IBM mainframe goes for 99 cents

From: Ethan Dicks <>
Date: Fri Feb 25 14:43:58 2005

On Fri, 25 Feb 2005 03:01:44 -0600, David H. Barr <> wrote:
> A PC part is worth roughly 1/100th of it's value over about a 10-12
> year time frame, provided it doesn't assume Collector Status (TM).
> This is Dave's Rough Estimate (TM), but it seems to hold true, at
> least anecdotally.

I have been using that same rough guide (1% after 10 years) for 20+
years, from Micro stuff on up to DEC minis, etc.

But the "collector status" is only part of the tail end of the
graph... obviously, when it's rare, it's value rises, but I also saw a
certain upturn (few percent) simply from people looking for
replacement-in-kind while the items in question were still in some
use. Specifically with DEC stuff, a year or two after an item came
out, it was possible to get it from a 3rd party reseller for on the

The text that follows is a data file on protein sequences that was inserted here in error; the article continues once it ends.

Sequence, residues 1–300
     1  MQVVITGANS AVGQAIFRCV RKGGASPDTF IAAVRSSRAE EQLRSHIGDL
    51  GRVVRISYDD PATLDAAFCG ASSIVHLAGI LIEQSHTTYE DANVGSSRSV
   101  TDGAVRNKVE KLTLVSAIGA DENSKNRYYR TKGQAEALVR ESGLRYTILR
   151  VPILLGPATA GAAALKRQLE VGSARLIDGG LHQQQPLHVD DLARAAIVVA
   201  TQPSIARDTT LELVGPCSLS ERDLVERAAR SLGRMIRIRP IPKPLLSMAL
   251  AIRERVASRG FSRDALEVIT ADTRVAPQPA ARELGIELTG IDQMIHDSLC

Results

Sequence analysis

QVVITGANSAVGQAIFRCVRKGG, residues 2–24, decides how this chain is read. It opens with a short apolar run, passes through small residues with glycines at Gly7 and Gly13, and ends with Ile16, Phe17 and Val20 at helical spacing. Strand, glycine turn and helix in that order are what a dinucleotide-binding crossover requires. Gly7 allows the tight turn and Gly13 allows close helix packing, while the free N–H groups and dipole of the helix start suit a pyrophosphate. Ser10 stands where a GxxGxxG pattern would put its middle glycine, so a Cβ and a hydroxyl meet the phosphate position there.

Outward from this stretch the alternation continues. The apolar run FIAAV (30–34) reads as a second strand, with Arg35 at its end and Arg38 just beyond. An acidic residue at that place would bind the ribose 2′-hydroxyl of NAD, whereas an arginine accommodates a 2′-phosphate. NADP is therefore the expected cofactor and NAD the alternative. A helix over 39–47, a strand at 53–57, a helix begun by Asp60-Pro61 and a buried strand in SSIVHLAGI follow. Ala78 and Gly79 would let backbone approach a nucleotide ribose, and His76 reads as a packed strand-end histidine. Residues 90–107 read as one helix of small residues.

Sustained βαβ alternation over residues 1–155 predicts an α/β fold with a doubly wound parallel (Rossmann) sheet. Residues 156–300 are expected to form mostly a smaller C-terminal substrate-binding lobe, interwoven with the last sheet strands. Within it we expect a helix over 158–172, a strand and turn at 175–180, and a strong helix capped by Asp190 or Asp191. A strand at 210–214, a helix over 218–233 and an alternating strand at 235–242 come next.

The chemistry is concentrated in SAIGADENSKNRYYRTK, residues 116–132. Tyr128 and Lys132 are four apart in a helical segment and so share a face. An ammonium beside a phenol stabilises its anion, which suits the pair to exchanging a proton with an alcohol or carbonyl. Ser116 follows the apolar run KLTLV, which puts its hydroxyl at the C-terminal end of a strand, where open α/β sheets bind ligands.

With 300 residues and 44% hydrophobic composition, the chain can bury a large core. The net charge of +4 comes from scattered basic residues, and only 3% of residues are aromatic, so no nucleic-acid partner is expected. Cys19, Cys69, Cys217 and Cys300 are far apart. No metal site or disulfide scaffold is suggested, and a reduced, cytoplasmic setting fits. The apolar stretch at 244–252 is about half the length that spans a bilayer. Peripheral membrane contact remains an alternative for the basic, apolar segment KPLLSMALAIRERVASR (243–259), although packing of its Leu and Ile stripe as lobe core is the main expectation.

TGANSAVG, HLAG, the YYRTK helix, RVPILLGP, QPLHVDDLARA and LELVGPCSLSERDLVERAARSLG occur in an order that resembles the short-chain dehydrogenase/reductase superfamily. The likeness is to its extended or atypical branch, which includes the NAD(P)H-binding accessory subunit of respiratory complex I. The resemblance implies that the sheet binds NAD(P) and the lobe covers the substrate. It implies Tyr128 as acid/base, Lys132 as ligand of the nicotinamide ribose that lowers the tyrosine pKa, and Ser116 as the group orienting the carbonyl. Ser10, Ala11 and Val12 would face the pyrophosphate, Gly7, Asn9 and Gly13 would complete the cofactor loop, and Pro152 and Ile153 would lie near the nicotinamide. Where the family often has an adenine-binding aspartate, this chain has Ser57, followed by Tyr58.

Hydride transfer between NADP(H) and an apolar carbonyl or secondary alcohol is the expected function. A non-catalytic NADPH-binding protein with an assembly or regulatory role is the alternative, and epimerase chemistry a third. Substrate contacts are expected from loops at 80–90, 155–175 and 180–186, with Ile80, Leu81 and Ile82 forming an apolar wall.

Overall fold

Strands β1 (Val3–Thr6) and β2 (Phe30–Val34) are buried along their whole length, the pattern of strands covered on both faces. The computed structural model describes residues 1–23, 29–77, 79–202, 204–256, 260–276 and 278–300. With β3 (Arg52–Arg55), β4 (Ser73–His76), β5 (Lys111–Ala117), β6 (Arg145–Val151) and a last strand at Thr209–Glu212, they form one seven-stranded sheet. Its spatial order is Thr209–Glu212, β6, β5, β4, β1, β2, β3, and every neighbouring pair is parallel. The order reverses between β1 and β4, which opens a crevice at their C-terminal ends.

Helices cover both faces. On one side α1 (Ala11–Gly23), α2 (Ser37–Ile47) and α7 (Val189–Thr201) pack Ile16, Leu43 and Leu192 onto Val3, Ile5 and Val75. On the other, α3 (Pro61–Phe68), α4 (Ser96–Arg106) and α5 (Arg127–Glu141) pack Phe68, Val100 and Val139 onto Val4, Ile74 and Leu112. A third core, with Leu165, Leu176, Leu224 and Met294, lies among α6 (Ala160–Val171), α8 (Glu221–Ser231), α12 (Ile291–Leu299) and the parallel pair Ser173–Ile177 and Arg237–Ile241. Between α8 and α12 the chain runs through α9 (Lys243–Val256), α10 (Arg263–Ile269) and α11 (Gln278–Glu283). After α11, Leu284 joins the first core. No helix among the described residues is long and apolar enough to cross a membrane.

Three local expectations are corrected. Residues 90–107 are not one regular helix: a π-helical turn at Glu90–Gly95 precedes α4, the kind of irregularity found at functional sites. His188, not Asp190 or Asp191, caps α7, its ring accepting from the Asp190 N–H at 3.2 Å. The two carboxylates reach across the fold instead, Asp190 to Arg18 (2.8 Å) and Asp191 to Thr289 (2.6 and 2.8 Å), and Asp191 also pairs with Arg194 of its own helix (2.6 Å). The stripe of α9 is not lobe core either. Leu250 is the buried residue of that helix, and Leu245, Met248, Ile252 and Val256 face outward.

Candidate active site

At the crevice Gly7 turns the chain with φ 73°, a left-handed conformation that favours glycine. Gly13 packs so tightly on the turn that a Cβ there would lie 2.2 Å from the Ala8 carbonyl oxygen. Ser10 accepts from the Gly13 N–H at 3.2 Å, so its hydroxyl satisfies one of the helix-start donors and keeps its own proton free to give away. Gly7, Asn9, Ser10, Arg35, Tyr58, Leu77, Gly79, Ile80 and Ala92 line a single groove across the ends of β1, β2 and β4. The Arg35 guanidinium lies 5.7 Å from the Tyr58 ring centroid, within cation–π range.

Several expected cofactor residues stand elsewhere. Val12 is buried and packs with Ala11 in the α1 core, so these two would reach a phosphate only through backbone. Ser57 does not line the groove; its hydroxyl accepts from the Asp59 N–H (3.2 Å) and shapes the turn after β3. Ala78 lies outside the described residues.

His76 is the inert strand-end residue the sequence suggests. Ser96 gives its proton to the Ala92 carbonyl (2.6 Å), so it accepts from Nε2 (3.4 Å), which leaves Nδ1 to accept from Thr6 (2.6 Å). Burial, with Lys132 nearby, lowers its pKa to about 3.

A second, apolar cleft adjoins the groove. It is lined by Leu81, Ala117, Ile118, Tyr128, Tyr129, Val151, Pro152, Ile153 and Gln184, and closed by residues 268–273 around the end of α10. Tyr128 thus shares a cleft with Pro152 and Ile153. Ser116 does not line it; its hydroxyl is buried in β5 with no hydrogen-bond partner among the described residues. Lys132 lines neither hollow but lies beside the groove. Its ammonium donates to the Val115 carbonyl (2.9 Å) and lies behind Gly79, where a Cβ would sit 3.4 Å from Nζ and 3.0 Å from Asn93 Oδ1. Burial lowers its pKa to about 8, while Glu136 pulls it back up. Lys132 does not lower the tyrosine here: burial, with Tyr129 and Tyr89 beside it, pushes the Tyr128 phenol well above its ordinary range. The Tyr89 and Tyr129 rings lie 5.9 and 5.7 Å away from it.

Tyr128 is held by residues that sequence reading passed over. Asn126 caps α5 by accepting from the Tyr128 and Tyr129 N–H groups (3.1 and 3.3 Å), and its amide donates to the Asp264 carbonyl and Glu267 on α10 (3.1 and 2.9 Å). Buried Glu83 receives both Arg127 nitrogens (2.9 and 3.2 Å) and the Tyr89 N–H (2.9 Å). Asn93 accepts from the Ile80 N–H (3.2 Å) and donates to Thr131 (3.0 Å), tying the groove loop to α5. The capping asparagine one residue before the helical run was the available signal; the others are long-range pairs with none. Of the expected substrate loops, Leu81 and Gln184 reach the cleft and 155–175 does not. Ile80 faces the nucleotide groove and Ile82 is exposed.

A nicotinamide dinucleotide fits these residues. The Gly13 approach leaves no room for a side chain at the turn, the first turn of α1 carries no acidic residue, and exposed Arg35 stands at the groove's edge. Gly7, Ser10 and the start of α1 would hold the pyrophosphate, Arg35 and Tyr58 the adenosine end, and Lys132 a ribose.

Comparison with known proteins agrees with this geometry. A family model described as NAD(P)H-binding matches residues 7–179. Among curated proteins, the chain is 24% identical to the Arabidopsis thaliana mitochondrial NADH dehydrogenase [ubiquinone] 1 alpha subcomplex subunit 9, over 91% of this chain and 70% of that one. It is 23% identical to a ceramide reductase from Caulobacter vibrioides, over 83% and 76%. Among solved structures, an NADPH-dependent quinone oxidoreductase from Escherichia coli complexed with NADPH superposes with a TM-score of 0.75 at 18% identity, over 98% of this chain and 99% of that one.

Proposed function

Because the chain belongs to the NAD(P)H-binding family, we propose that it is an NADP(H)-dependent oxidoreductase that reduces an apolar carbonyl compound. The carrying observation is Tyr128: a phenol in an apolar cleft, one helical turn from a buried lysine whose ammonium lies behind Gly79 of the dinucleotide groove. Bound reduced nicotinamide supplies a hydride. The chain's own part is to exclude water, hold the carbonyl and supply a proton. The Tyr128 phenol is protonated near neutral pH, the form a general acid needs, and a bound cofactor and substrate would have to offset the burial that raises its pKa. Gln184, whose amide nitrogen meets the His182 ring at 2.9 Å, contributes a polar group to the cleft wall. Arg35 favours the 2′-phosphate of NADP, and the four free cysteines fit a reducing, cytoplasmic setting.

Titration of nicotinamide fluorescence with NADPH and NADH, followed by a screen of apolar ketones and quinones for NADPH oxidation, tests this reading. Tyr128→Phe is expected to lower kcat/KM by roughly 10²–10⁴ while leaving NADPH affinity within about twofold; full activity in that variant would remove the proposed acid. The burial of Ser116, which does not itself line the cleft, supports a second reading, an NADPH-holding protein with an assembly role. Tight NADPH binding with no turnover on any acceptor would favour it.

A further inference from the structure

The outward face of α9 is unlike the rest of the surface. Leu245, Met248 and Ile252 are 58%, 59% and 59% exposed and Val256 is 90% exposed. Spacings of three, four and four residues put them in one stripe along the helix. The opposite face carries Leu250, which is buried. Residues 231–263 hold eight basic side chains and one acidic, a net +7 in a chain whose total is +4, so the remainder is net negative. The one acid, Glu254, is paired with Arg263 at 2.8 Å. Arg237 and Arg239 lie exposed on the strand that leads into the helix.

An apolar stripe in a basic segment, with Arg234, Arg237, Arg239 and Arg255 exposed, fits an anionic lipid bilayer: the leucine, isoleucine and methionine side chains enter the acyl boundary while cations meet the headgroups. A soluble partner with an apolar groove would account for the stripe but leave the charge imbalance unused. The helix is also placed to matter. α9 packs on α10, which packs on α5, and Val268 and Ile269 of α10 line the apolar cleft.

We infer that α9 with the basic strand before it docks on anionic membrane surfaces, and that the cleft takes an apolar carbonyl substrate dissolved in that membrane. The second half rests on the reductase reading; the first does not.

order of 10%-20% less than MSRP for a while, then the price would
slowly drift down as it was no longer the hot item. The price would
tank when DEC dropped the item (admitting that not many people at all
wanted it). Things would bottom out around 1% around 10 years after
the item originally came out, then it would drift up to maybe 5%-10%
of original MSRP and hang there for a long time as people would be
scavenging old units to keep things in repair. Finally, it would be
just too difficult to find any items past 15-20 years because they
were all on the shelf as spares, or junked.

In short, because of the changing nature of the demand over a 20-year
span, the price describes a "bathtub curve", with the bottom of the
bathtub at 1%.

Yes... I have been thinking about prices/availability of this sort of
stuff for over 20 years.

Received on Fri Feb 25 2005 - 14:43:58 GMT

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